ROI: XR vs. Standardized Patients
The ability to handle the science of medicine is only a piece of the skill set needed for a student to begin work in any healthcare field where their role involves patient contact. “Bedside manner” can’t be measured on a monitor, but it’s a crucial skill.
Today’s students have the advantage of technology that enables them to gain more skills in a no-risk environment before they head out in the real world and to have tools that aid them in diagnostics and monitoring. However, those educational aids don’t train medical staff in how to respond to a patient who, say, is facing a difficult diagnosis, or how to read a patient’s face and movements to assess pain levels.
While high-tech manikins can help students improve their interpersonal skills by simulating a real patient, standardized patients (SP), or patient actors, have become the gold standard in helping students master this key area of their learning.
Standardized Patient Programs
The advantages of an SP program are clear: the team of SP, moulage artist and the faculty member writing the scenario can offer a level of authenticity that no other simulation method can match. After all, even in a world of cutting-edge learning aids, nothing can replace a real, flesh-and-blood human taking part in the process.
Research has proven that SP programs can create a measurable improvement in student test scores (this is a pharm student study, maybe delete?). In addition, SPs can be valuable instructors in their own right, if they are good raters and having strong interrater reliability.
The key drawback of these programs is cost. While SPs usually earn somewhere in the $15-$20 an hour range, expenses pile up quickly by the time your program needs even a few SPs. Training, faculty time and possibly space needs drive those numbers up even more quickly. Training a handful of SPs for a couple of sessions can cost nearly $1000, and even a small program can be up to $100,00 annually.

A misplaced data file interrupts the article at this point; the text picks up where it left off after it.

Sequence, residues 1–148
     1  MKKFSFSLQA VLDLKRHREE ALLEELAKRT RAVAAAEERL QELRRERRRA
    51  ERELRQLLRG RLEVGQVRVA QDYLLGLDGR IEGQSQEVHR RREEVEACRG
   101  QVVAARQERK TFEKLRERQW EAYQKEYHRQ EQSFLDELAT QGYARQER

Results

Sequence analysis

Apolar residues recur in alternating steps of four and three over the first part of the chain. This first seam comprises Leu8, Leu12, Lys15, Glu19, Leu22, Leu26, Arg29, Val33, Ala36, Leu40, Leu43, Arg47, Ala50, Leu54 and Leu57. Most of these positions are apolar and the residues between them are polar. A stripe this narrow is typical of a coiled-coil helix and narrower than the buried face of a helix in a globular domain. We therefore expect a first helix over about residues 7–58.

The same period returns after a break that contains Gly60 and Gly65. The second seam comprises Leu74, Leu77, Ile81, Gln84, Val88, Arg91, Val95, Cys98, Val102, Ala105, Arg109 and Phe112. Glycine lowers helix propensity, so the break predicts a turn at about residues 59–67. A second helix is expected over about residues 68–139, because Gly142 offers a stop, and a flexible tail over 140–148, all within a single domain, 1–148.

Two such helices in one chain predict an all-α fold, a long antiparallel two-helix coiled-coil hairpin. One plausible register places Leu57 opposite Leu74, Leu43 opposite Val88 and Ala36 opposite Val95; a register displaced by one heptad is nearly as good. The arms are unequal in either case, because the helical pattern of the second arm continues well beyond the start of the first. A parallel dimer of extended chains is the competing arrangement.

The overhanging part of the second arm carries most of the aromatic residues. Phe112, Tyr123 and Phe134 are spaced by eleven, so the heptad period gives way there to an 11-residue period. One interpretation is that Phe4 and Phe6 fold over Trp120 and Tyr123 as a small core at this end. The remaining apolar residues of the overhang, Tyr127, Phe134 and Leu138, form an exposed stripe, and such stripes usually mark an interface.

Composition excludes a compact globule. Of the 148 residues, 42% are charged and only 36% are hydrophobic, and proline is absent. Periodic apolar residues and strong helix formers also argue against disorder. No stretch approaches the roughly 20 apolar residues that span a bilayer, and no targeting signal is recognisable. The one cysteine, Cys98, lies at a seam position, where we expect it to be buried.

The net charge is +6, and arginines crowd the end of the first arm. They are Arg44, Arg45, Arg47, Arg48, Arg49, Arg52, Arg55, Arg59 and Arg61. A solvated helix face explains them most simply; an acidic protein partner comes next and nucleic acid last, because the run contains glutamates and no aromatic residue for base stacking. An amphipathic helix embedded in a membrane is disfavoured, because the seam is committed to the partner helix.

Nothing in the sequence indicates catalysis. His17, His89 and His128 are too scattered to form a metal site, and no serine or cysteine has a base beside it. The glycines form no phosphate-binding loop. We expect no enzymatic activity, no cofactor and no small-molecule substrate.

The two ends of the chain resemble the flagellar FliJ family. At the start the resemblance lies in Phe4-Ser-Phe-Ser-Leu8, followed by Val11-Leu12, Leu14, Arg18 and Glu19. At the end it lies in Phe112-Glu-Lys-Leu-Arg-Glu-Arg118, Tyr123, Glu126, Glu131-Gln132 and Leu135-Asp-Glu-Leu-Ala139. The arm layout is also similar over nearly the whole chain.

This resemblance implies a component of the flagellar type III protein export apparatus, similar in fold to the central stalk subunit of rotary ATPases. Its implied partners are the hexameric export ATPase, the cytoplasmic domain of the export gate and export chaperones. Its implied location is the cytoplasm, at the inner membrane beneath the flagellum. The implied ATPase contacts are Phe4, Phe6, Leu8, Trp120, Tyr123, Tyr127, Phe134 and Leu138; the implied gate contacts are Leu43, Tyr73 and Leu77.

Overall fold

App-based SP programs
While nothing can quite replicate having a real person in the room, extended reality (XR) enables highly realistic volumetric video of holographic standardized patients. Students wearing a headset, such as the Microsoft HoloLens 2 can view patients simulating a wide variety of conditions, from COPD to burns.
Because app-based programs lack the incremental costs of training and paying actors per hour or sessions, as well as not requiring the services of a moulage artist or a large amount of dedicated simulation lab space, they democratize access to this type of training. Costs are a fraction of those for an in-person program.
App-based XR approaches have other key benefits besides cost savings. Customizable scenarios allow faculty to create and recreate a wide range of pathologies within a session. This can be difficult with patient actors, as each has to be matched with a specific scenario and can’t necessarily portray multiple pathologies due to preference, personal health or other factors.
Why SPs are a vital part of medical education
Whether your program uses real SPs, hologrammatic ones or a hybrid of both approaches, it’s key to realize how many vital skills are taught through this approach. Patient communication, empathy and diagnosis are all developed with this method.